Two local artists have been working for the past two weeks on a pavement art project dedicated to the Town of Sykesville.
The nonprofit Downtown Sykesville Connection has started a three-fold Urban Transformation project. Part One of the project includes crosswalk art depicting what makes Sykesville “the coolest small town in America.” Artists Vivian Davis and Robin Culkin have been working for about two weeks, though it was initially only supposed to take three days.
“We’ve done six-hour days, but this week, unfortunately, we can only work a couple here and there because of the pending rain, which didn’t always happen,” Davis said. “With street paint, you have to have several hours before it has to be completely dry when you paint, or otherwise moisture gets in there and the paint will end up chipping off easier. It can’t be rained on for several hours. So, if there’s more than a 10 percent chance of rain predicted, we backed off.”
The street art can be found in the crosswalk directly across from French Twist Café. The crosswalk art spells out “Sykesville” using different images that depicts different aspects of the town. For example, the “E” is composed of books, representing the nearby A Likely Story Bookstore.
The project started out as a small request, which Vivian took and made into a literal work of art.
“We wanted something that was a lot more personalized,” said Julie Della-Maria, executive director of Downtown Sykesville Connection. “One night, super early, Vivian texted me or messaged me and she’s like, ‘You know what? This is what we should do.’ And she had an outline, not completed, but an outline, and I’m like, ‘Yes, you’re right.’ It’s why we let the artists do their work — it’s not my role.”
Art has been a part of Davis’ and Culkin’s lives for as long as they can remember, and they find it important to spread to others.
“Getting art out, especially to young people, has always been really important to me because, I’ll give you an example, in Carroll County middle schools, the students only get one quarter of art,” said Davis, mother of two artists. “Now for the students that don’t particularly care that much, that’s fine. If you have a creative child, they get one quarter to work on that creativity. It just makes no sense to me.”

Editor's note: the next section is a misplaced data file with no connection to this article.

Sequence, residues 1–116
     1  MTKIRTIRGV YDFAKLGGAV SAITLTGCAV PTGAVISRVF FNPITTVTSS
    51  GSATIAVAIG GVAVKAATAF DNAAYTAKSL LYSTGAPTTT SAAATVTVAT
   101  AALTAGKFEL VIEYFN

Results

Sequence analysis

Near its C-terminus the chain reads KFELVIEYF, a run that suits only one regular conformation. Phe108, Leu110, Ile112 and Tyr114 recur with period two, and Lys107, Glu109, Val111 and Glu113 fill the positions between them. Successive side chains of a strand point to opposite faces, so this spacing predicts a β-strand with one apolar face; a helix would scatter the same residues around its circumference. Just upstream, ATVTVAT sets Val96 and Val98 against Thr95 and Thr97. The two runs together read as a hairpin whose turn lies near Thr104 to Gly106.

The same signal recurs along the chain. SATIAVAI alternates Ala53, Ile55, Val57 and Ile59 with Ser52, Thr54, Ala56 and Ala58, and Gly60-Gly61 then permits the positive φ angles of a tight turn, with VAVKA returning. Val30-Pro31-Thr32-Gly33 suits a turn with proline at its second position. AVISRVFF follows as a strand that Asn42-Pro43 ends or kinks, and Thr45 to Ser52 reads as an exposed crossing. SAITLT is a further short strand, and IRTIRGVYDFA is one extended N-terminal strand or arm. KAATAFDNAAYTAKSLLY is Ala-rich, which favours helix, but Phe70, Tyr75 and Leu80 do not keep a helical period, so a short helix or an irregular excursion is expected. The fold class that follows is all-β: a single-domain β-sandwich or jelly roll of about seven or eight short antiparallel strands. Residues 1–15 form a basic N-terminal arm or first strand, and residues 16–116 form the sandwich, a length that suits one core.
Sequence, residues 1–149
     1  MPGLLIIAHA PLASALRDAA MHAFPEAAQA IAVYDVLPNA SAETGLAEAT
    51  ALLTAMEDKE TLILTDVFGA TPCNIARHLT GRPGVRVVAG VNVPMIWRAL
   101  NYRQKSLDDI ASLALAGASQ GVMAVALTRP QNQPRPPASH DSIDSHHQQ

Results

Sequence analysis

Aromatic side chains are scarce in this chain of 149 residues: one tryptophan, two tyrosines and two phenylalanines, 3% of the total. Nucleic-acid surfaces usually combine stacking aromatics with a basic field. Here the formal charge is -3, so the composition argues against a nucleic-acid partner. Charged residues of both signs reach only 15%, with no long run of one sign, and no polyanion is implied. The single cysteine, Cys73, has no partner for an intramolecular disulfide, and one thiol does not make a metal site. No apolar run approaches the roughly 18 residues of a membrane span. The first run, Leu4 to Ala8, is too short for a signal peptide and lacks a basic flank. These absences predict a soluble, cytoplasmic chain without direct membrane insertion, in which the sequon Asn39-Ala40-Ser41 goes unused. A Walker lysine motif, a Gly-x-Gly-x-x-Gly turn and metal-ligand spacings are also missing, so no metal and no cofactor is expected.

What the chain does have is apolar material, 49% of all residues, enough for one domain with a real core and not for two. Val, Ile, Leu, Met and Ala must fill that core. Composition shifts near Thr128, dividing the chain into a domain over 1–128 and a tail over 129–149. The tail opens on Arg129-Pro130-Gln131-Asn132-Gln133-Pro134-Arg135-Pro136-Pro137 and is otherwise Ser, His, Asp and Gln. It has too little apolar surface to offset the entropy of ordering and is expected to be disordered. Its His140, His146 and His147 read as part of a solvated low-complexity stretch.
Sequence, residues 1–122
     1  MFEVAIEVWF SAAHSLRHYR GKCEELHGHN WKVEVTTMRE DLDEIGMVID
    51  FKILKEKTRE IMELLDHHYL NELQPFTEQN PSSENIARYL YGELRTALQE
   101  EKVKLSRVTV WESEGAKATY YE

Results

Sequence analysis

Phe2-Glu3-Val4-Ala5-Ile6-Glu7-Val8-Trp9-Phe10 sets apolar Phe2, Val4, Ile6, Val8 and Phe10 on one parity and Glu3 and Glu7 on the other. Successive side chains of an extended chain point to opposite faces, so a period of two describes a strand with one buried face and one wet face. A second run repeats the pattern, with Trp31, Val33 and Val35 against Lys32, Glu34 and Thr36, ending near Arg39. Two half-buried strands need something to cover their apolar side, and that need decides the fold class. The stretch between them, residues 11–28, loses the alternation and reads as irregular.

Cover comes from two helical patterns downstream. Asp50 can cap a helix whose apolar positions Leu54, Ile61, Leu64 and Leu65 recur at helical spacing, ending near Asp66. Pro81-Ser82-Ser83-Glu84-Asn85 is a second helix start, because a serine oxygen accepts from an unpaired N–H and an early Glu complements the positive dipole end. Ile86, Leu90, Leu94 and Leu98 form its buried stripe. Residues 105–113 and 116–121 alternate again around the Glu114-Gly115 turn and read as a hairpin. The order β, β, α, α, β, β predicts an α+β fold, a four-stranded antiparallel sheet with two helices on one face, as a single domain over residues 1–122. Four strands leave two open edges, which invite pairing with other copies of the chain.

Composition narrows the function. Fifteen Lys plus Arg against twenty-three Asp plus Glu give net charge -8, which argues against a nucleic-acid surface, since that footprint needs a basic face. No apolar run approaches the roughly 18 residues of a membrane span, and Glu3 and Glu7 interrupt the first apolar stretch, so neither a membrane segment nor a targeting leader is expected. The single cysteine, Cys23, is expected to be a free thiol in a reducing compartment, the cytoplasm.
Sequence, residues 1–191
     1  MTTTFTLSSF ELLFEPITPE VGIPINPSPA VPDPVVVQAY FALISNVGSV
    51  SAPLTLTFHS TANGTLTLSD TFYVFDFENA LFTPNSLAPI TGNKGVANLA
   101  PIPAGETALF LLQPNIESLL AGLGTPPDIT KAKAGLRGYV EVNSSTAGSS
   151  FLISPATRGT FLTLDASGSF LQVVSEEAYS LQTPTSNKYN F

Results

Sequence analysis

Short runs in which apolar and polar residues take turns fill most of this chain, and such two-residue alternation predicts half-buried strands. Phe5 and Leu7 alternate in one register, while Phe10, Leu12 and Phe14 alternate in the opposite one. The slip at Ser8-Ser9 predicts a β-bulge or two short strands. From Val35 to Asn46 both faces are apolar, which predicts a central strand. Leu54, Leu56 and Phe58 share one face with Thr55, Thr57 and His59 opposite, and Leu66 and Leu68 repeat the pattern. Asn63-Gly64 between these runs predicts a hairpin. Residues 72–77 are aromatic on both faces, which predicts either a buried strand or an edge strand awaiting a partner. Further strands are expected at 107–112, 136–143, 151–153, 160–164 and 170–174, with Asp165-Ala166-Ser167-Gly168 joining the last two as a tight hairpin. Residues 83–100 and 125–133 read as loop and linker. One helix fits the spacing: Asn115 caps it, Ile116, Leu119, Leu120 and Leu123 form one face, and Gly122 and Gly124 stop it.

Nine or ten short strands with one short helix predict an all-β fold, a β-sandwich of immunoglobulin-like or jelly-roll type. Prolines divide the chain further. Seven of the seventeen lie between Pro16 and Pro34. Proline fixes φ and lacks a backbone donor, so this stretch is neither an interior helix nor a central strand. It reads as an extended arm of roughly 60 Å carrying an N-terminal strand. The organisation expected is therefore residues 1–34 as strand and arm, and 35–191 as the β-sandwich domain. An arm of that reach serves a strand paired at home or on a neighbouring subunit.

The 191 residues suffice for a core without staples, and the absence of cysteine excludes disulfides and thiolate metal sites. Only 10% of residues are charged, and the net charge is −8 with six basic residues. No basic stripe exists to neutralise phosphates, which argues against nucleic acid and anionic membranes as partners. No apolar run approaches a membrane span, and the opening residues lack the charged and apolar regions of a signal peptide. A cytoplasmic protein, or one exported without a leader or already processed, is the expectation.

“Art is just a part of your personality,” Culkin said. “So, for as long as I can remember, I’ve always had either a box of Crayola crayons in my hand and then worked up to painting, pastels and everything else — it’s just a part of who you are.”
Davis loves doing scenic art, like the crosswalk piece.
“I like putting art everywhere, on walls, on the ground, on buildings, wherever,” Davis said. “With scenic paintings, you get these huge, large canvases to work on, which is exciting and people love that; people love art.”
According to Davis, even with the piece not done yet, they have already been getting a bunch of compliments on the piece.
The two other projects planned as part of the Urban Transformation initiative will be a farm scene by Dominic Jones and a portrait of a garden by Benjamin McCord, both of which are still in their early stages.
There are currently no immediate plans for more crosswalk art pieces, Della-Maria said, especially with the trickiness of closing off streets to paint the crosswalks.